Though Mary cannot help being quite plain, she does try to improve her mind in order to gain attention, as well as working at accomplishments of which neither of her older sisters are proficient, such as playing the piano. She believes that a proficiency at music will set her apart to her parents’ notice. Unfortunately for Mary, her anxiety to gain attention causes her performance to suffer. When she performs, her vanity “would have injured a higher degree of excellence than she had reached. Elizabeth, easy and unaffected, had been listened to with much more pleasure, though not playing half so well” (Austen 17). Mr. Bennet must know that she lacks skill, but instead of getting her a music teacher so that she might improve, as an encouraging father would have, he simply exposes her to more ridicule. At the Netherfield ball, when Elizabeth hints to her father that Mary might be endeavored to give up the piano bench, as the performance is uncomfortable to most of those in attendance, Mr. Bennet stops Mary from playing rather bluntly. Instead of going up to her and speaking to her quietly, he admonishes her loudly in front of the entire party, much to her embarrassment (69).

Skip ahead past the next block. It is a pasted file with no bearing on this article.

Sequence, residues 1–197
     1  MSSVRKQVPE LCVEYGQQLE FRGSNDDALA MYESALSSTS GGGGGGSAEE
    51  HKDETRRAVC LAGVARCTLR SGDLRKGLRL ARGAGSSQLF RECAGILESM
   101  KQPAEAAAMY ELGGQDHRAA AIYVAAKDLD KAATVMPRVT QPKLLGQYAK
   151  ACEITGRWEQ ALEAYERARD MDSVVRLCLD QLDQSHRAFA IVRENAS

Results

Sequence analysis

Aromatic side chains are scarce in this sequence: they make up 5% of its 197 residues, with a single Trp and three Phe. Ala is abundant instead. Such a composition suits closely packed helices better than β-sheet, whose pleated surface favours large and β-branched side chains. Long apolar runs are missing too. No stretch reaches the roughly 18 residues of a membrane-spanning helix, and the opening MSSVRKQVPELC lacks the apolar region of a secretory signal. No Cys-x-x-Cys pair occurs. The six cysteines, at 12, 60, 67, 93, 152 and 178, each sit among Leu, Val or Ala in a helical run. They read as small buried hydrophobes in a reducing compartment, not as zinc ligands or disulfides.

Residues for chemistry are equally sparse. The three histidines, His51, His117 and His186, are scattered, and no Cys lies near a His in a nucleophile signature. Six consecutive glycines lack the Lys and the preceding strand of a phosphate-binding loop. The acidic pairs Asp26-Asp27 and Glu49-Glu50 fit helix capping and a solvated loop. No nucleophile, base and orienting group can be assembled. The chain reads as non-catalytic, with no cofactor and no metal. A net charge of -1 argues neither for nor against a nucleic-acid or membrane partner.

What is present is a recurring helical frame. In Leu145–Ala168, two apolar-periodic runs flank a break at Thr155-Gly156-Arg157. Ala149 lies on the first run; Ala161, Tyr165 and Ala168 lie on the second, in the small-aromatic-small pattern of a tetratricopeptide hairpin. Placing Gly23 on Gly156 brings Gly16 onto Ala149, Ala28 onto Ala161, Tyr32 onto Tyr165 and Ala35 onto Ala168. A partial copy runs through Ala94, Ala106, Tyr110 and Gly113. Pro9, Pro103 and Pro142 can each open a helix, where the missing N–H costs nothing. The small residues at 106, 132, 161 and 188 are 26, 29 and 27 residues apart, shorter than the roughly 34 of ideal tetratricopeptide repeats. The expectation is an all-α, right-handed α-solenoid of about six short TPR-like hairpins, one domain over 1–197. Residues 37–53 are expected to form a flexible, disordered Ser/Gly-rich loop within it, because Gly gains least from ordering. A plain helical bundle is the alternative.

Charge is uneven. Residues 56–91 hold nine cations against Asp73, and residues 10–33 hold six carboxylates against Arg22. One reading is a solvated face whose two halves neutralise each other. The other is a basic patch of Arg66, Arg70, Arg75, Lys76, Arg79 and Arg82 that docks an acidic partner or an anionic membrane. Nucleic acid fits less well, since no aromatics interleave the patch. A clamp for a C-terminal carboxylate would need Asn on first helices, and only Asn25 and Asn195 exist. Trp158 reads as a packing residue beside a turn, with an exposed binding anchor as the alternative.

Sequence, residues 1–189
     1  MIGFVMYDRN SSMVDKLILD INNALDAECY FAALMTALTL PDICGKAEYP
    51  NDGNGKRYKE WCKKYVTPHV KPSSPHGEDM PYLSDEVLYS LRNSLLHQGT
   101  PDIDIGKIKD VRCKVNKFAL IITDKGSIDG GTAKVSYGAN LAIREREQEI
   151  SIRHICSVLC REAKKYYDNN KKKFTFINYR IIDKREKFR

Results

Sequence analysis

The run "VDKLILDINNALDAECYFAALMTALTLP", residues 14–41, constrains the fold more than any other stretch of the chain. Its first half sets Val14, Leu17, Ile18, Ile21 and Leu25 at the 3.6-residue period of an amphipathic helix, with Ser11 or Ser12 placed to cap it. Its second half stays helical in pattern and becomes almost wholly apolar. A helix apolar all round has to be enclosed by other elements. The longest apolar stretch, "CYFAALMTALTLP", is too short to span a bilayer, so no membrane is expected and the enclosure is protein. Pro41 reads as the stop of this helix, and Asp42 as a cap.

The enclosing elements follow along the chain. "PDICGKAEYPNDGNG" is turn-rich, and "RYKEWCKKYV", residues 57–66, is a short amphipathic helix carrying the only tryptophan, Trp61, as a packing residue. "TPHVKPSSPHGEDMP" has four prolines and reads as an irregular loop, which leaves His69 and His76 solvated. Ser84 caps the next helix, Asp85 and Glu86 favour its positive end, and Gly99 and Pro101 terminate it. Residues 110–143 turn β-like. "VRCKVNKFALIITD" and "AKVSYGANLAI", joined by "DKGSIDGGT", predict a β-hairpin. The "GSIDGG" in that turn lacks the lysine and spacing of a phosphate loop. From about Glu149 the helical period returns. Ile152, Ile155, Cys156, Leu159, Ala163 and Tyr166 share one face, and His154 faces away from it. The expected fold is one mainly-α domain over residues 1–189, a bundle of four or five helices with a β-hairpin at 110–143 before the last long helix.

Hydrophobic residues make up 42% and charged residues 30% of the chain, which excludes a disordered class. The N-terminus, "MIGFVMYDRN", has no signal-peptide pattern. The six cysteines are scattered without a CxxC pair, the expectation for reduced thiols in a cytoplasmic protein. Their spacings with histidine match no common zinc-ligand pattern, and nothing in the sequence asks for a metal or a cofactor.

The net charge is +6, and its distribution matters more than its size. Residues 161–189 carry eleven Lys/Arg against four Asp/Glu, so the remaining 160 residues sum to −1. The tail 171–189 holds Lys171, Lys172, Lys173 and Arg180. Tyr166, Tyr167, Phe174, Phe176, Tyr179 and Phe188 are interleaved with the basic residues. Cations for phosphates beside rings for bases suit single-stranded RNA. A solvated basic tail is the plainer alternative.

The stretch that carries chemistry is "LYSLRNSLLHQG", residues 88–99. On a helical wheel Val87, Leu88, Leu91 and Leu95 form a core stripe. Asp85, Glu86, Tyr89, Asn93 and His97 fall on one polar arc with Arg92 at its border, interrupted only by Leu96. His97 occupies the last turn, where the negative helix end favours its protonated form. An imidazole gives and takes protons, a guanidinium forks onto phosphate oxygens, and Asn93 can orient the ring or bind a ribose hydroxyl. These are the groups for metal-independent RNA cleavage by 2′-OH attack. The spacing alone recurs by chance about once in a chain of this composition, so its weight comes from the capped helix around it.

There are many instances in which Mr. Bennet does not do his fatherly duty toward Mary, but a notable instance of this is in the opportune visit of their cousin, Mr. Collins. As an unattractive young woman, Mary does not have any prospective husbands, and has less chance of getting one than her prettier sisters, but she has marked similarities to her cousin. Considering their shared interest in readings of morality particularly, along with Mary’s desire to be noticed first among her sisters, a proposal to her would surely have been answered favorably. Austen agrees directly to this fact, noting that: